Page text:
Tuesday, March 29, 2011

Sloshing Glaze

Sometimes, it's good to slosh glaze.

Here's a stoneware bowl, reduction fired, that I made during a class.

I was in the class because at the time I didn't have my home studio set up then.

Thankfully, the instructor excused me from most of the participation and just let me work.

Using glazes I was totally unfamiliar with and had no clue how they would turn out, I decided to do the "Ink Blot" approach and put a base glaze on, then slosh a contrasting one over the top, rotating the bowl to make it run in interesting patterns.

I think the purple glaze was called "Fish Guts" or something.

Not for the faint of heart.

Saturday, March 26, 2011

Big X

This is a test of two contrasting glazes.

The base is a Chico Glaze's Copper Blue. The big X is Eggplant.

The plate is fairly large; about 16 inches in diameter.

I love doing this kind of glazing--you just take a big breath, and DO it. No going back.

Monday, March 21, 2011

Free and Loose - Sauce Bottle Up Close

Bottles like this have a long history.

Ancient Chinese and Middle Eastern ones with an oval body and two spouts have been found in archaeological digs and are displayed in museums all over the world.

Many were designed to hang from a saddle (or maybe from a wall inside a dwelling).

Sometimes it's nice to just make something that is purely spontaneous.

This little sauce bottle was done after I had made some very precise, controlled ones.

It may seem a strange way to work, but I start these bottles from the bottom up--Using a slab and a needle tool I cut out oval base. No pattern, just making it by eye.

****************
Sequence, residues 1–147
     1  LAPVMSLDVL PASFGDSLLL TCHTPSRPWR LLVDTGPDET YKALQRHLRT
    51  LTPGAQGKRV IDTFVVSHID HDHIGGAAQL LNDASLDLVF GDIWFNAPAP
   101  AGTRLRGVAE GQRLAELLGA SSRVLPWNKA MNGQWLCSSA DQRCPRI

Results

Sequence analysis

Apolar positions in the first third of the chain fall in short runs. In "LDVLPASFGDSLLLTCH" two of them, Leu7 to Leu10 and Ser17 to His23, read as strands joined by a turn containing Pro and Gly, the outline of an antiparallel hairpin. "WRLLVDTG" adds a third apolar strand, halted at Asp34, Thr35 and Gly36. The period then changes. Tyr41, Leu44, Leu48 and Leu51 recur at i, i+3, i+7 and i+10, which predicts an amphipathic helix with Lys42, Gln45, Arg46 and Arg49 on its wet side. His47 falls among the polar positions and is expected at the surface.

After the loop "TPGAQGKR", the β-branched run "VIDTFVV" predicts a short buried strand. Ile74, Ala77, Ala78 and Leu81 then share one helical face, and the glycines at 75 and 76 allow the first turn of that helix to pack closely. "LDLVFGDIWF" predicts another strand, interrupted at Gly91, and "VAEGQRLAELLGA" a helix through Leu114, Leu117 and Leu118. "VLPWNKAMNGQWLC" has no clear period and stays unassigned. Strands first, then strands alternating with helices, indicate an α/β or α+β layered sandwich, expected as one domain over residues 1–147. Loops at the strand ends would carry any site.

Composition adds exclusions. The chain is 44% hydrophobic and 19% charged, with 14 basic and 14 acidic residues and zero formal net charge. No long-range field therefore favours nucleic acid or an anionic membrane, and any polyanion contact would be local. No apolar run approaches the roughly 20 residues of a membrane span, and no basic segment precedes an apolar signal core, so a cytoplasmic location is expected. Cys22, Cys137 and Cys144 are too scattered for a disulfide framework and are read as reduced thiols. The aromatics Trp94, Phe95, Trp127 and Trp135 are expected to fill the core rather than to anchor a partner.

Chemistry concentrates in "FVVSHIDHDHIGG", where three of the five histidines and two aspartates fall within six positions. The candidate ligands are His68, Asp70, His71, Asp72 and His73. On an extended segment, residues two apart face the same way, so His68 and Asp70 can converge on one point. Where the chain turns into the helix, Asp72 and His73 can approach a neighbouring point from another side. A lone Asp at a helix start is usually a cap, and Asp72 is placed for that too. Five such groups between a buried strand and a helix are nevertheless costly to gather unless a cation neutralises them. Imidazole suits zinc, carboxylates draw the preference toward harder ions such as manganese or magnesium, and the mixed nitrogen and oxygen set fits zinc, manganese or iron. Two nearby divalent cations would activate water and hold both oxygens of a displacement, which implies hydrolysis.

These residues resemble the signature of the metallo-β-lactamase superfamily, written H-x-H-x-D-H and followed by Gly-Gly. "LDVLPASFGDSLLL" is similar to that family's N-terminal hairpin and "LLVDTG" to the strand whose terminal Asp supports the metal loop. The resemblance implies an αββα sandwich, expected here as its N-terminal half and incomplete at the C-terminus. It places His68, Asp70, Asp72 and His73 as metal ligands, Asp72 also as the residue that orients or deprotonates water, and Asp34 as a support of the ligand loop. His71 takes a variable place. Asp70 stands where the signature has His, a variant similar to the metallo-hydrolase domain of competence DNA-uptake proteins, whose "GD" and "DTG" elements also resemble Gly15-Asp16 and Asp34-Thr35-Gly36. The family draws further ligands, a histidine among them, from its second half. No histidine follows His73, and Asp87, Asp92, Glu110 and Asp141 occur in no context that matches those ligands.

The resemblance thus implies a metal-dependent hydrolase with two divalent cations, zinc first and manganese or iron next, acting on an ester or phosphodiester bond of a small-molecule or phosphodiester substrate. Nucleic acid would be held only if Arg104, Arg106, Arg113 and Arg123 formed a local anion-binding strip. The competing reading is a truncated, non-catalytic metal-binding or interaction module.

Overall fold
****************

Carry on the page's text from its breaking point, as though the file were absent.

The shape will change slightly with construction anyway, so there isn't a need to be precise.
The body was cut out the same way after I merrily stamped the heck out of it.

I rolled the body clay into my hands, shaped it around the base, then sealed the seam with a rolled a clay worm. Then I whacked the bottom/side seam with a paddle to merge them and make sure it won't leak.

The upper part was brought up and the two sides were left open so I could attach the spouts. If needed, I cut a rough opening for their positioning. The spouts were hand formed, the seams joined and smoothed by hand, but no effort was made to conceal the seams. The spouts are and secured and smoothed into the body of the form on the inside.

I overlapped the front seam making it's rough shape obvious. The top was joined, trimmed and a fat tapered-ended roll of clay makes the finishing seal at the top.

Even though the sauce bottle looks freely formed, all the lips of the spouts, inside seams and closures are well-smoothed. I don't want any food to remain on the inside since these are cleaned by rinsing them out with very hot water.

Height: 6 inches

Friday, March 18, 2011

Shelter Boxes

You can help.

This world wide organization supplies boxes custom-loaded for whatever kind of emergency help is needed.

And the people of Japan need all the help they can get.


Wednesday, March 9, 2011

True Beauty

Went to a flea market a couple of days ago and came home with this.

It's on the column over the fireplace.


Saturday, March 5, 2011


Sorry for the non-posting.

I'm off chasing ancestors.

I've discovered a colonial seagoing-merchantman and am busy tracing his unfortunately short voyage through life.

If you've ever done any of this kind of research, it can be intense and all-consuming. Every clue and trail must be searched out and well noted and, of course, each door opened reveals yet another one.

So the sails will be hanging in the sail loft for a little while. Bear with me......